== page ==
I too have entertained the idea of using the WW die-resolution system for d6 to alleviate problems with too much die-counting and it's absolutely brilliant! It's so much faster and the system provides further depth that the overly simplistic d6 difficulty numbers lack. I love it, and I have a tough time imagining why the d6 game couldn't have gone this route itself.

 

Not only do you have difficulty numbers (you can base 3, 4, 5, 6) for determining the number of successes rolled, but you can also scale the difficulty of the task (i.e. scale it between skilled and the not-so skilled) by altering the number of successes required to succeed at a task. This is also a useful tool for achieving tasks that may require more than 1 action to complete and characters with greater skill are more likely to complete these tasks sooner.

 

I like using the wild die as the classic two successes and a 1 subtracting a success, or if there are no successes to take away - a critical failure occurs.

 

I'm curious why the change to darkside points, why not just have them add dice if they choose to use them as normal? So 2 DSPs would provide the character with 2 extra dice to their dice pool, correct?

 

I've worked out the difficulty numbers I think so that 2 = very easy, 3 = easy, 4 = moderate, 5 = difficult, 6 = very difficult, 7+ = heroic (i.e. 6 and roll a 2+, etc.). I'm unsure how and when to apply the requirements for multiple successes for different skills and tasks.

 

It's works easily enough for combat naturally; just roll damage dice at a moderate difficulty (4) while the character hit rolls strength dice (same difficulty, 4) and the number of strength successes is subtracted from the damage successes. After the subtraction, any damage die successes left over are used to calculate how hurt the character is:

 

1 success = stun

2 successes = wounded

3 successes = incapacitated

4 successes = mortally wounded

5+ successes = killed

 

Character points spent add a die to the roll as normal and force points double the die-pool as normal. Everything works pretty much the same both numbers wise (I believe) just less counting and much faster. Plus you get an additional mechanic to vary the difficulty of skill use - the number of successes combined with the difficulty numbers. I'm still not 100% on how and when to apply a greater difficulty number versus increasing the number of successes required. Any advice?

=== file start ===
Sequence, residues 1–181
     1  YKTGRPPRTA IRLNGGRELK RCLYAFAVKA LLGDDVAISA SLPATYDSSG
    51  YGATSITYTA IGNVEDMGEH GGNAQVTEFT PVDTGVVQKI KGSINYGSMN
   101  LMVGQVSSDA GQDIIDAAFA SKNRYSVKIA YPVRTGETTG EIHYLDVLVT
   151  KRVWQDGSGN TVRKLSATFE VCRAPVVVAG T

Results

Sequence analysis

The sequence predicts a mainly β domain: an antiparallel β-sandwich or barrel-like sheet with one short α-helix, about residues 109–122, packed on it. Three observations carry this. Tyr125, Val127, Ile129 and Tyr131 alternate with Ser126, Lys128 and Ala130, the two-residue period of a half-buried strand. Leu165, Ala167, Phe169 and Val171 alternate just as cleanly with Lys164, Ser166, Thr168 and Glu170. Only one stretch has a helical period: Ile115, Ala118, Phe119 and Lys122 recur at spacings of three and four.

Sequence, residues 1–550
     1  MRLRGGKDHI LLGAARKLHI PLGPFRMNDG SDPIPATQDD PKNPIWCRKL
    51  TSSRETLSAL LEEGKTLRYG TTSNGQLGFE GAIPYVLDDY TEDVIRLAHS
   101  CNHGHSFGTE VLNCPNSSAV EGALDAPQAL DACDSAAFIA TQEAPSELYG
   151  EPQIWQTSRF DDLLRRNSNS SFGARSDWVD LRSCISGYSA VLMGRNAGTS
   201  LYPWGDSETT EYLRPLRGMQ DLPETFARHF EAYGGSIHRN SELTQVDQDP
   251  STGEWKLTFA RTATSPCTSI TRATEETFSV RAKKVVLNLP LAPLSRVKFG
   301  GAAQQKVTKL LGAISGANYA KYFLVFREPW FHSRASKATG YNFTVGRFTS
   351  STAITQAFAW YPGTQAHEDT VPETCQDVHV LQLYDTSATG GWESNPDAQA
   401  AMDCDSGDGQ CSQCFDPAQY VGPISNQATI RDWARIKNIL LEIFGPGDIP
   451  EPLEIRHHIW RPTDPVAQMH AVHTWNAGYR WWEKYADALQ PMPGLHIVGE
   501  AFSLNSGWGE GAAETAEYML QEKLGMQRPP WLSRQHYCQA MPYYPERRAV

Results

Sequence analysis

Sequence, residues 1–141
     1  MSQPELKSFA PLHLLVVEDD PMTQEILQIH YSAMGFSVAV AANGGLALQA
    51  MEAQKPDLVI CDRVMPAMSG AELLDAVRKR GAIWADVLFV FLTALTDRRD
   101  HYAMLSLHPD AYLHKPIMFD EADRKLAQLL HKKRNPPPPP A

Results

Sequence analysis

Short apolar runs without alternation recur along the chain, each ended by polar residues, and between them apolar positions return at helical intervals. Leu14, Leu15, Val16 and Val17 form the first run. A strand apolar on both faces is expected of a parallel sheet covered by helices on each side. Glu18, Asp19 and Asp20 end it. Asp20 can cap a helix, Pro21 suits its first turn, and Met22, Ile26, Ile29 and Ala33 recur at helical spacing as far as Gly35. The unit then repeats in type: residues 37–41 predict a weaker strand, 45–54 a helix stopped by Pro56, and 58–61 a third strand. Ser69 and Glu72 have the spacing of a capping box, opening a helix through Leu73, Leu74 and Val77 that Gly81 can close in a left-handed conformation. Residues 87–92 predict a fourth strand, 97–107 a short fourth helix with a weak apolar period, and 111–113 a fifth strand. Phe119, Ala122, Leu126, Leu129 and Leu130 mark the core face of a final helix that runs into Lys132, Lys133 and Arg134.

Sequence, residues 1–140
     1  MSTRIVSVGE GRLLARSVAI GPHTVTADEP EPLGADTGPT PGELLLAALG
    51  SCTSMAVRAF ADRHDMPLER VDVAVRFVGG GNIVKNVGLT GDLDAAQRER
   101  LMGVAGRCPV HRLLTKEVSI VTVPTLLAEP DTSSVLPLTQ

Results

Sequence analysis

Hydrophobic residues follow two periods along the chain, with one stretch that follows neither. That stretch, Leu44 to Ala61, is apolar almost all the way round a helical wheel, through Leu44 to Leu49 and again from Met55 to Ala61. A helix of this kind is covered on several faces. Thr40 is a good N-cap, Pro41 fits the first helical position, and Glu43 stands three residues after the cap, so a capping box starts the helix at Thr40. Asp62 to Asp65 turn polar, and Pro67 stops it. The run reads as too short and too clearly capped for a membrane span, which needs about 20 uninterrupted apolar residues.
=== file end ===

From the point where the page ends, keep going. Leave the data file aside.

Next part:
Once we hammer out a good system for using the success-failure system in d6 I can't imagine why anyone would want to play d6 any other way - provided the system works, I've really only recently started playing with the mechanics of it. Can any rules mechanic-minded gamers out there lend a hand? Point potential trouble/weak spots or lend a hand to figuring this thing out?

 

****

 

Volar the Healer added:

 

If too many dice slow your players down, how about using the Star Wars Miniatures Battles rules? The players roll one die and add a modifier. The modifier equals however many dice the character has (4D becomes +4). The success numbers are easy=6, moderate=8, difficult=10. A 1 always fails and a 6 adds another die roll. This allows the players to use a simpler form of the WEG rules. I've used this when the player characters are part of a major battle and it worked well.

 

Someone (our own Grimace, actually) did eventually pop into that thread to point out that D6 Legend already existed, but there's some interesting thoughts in the post nonetheless...

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You're very welcome! I also ran across this idea, originally posted by Liquidsabre at the Rancor Pit a while ago... It's not D6 Legend, but it's "Legend-ish" and you might find ideas you can use in it: http://www.rancorpit.com/forums/viewtopic.php?t=266&highlight=&sid=f15cb186816318948d30958795596d7e

 

Someone (our own Grimace, actually) did eventually pop into that thread to point out that D6 Legend already existed, but there's some interesting thoughts in the post nonetheless...

 

Ah Liquidsabre! Yes, he is actually part of my game group. He's been pushing me for quite awhile to do this project.

 

Combat

 

The gist of combat is essentially the same between D6 and its variants: The attacker rolls his combat skill, attempting to beat a difficulty number. If successful, he rolls to see how much damage is done. This section offers key differences between D6 and Legend. Be sure to peruse the combat section in the rules chapter of the appropriate game for further and more complete details.